September 1, 2014

Medina
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Families of killed Brunswick students sue over 2012 crash

The families of three of the four Brunswick High School students killed in a car crash two years ago have filed a wrongful death lawsuit against CSX Corporation, Columbia and Liverpool township trustees and the commissioners and engineers in Lorain and Medina counties.

Killed in the June 3, 2012, crash were Blake Bartchak, 17, Lexi Poerner, 16, Kevin Fox, 18, and driver Jeffrey Chaya, 18.

Black Bartchak

Blake Bartchak

Jeffrey Chaya

Jeffrey Chaya

A fifth student in the vehicle, Julia Romito, survived the crash, but had no memory of what happened.

The lawsuit was filed Monday in Lorain County Common Pleas Court by the families of three passengers in the car: Bartchak, Poerner and Fox.

Officials in both Medina and Lorain counties are included as defendants because the railroad crossing on Boston Road, where the crash occurred, straddles the boundary between the counties.

Kevin Fox

Kevin Fox

Lexi Poerner

Lexi Poerner

The suit was filed in Lorain County because the students were westbound, on the north side of the line in Columbia Station, when they crossed the tracks and their car went airborne, left the roadway, crashed into a culvert and flipped onto its roof.

Chaya, Bartchak and Poerner died at the scene. Fox died the following day at MetroHealth Medical Center in Cleveland. Romito was released from Southwest General Health Center a few days after the crash.

The lawsuit contends that the railroad and officials in the counties and townships knew or should have known about the dangers of the steep crossing and taken steps before the crash to mitigate the danger.

The suit specifically charges the government officials “negligently failed to maintain the berm area, culvert and right of way of Boston Road” near the crossing.

The railroad was negligent, the suit charges, in failing to fulfill its “duty to maintain, repair, inspect and upgrade” the crossing.

ABOVE: Within weeks of the June 3, 2012 crash that killed four Brunswick High students, flashing stop signs and caution signs were installed at the Boston Road railroad crossing.  BELOW: More than a year after the crash, the crossing’s steep grade was leveled in August 2013 as part of a $450,000 safety project. (GAZETTE FILE PHOTOS)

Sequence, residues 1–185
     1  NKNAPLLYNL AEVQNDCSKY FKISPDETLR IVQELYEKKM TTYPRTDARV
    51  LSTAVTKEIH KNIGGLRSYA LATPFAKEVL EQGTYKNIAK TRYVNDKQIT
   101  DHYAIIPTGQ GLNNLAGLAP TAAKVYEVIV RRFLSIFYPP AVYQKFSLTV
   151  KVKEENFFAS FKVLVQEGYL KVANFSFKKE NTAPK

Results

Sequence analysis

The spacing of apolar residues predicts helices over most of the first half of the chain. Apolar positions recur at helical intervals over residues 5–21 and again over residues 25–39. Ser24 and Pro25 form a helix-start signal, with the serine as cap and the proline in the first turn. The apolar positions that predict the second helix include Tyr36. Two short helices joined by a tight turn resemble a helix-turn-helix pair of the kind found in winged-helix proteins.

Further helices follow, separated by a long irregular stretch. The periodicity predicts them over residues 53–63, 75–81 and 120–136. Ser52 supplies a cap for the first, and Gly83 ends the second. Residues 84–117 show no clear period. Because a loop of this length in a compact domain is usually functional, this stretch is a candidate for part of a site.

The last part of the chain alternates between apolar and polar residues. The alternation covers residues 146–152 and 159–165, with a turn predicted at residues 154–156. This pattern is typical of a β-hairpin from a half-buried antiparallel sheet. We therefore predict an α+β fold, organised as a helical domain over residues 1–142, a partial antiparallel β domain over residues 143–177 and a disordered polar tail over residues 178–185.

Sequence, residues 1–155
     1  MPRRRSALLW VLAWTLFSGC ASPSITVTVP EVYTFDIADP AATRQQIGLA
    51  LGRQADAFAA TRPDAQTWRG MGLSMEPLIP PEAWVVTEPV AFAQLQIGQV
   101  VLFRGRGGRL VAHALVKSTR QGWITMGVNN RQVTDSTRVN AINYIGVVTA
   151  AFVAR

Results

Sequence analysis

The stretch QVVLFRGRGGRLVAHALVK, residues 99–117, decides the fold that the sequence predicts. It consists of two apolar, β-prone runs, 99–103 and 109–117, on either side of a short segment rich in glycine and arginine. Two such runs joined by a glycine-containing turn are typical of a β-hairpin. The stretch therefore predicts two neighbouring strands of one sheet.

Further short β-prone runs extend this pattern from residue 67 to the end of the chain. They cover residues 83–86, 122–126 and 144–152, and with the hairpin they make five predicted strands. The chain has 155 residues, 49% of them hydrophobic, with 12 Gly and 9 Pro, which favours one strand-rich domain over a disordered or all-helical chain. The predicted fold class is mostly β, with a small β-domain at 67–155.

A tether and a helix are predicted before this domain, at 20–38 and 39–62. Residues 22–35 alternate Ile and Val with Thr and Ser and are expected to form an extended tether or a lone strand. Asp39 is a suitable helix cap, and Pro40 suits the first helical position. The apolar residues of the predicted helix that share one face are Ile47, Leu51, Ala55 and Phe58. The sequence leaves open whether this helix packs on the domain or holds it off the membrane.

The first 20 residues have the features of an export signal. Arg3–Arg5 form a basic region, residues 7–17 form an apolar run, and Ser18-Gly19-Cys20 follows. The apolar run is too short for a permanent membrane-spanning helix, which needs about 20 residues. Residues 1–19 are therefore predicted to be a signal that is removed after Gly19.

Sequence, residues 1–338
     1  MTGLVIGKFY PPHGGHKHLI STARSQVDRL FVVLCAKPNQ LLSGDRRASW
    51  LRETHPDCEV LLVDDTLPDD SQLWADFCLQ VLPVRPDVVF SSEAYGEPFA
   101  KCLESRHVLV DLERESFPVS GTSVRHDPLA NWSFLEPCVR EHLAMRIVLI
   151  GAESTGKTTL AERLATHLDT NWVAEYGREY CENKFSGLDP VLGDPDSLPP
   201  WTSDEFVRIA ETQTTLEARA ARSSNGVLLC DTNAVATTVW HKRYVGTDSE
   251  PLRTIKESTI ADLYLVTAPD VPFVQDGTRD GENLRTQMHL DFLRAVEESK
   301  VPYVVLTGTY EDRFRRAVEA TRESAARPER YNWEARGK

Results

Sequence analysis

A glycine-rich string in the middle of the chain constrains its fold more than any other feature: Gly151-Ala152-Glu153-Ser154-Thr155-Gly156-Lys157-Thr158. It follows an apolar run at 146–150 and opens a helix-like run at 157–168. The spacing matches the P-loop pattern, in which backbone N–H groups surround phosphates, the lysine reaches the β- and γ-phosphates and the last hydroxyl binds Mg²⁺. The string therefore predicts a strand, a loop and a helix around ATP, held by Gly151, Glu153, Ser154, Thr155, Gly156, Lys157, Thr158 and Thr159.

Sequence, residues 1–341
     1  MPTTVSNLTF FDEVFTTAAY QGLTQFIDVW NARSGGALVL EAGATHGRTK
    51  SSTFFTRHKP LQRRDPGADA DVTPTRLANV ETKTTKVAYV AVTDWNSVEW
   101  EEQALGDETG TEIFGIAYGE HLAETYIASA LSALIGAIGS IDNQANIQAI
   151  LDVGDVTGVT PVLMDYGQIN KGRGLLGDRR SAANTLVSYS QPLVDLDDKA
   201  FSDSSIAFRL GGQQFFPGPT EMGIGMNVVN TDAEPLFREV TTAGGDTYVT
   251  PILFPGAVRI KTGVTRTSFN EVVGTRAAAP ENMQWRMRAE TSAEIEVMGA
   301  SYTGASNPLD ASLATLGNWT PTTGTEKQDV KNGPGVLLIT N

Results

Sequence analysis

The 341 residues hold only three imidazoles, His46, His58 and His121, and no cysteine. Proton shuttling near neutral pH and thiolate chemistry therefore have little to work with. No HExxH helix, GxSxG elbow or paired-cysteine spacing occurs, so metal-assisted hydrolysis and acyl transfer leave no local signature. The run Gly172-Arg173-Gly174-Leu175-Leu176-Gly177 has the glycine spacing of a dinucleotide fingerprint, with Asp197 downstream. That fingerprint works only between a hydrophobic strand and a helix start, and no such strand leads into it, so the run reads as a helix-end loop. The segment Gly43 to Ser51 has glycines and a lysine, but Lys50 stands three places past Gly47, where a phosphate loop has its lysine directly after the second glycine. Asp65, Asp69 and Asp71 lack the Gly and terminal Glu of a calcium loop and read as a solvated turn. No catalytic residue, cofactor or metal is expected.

ABOVE: Within weeks of the June 3, 2012 crash that killed four Brunswick High students, flashing stop signs and caution signs were installed at the Boston Road railroad crossing. BELOW: More than a year after the crash, the crossing’s steep grade was leveled in August 2013 as part of a $450,000 safety project. (GAZETTE FILE PHOTOS)

Police have said drivers were known to use the crossing’s steep grade as a ramp to launch their vehicles airborne. The Ohio Highway Patrol determined that Chaya’s Chevrolet Cavalier was traveling at 69 mph when he lost control of the vehicle.

The Highway Patrol report, released about three weeks after the crash, detailed damage to the road caused by several cars gouging the pavement and cited the crossing as “well known to residents of the area as an area to ‘jump’ vehicles.”

Lt. Travis Hughes, of the Elyria post, said there was no evidence the Brunswick students, two of whom were set to graduate the day of the accident, were attempting a stunt when they crashed.

“It would be complete speculation,” Hughes said.

Following the crash, the Ohio Department of Transportation conducted a speed study and determined the speed limit should be lowered from 55 to 45 mph. In addition, the crossing was equipped with flashing LED stop signs at the base of the incline and warning signs with a recommended speed of 25 mph when crossing the tracks.

Last year, the railroad crossing underwent a $450,000 safety overhaul, including smoothing down the grade.

In addition to compensatory damages for negligence resulting in the students’ deaths, the lawsuit also asks for punitive damages, charging the defendants “acted willfully and/or wantonly and/or recklessly by engaging in conduct that exhibited a conscious disregard for the rights and safety” of the public.

Contact reporter David Knox at (330) 721-4065 or dknox@medina-gazette.com.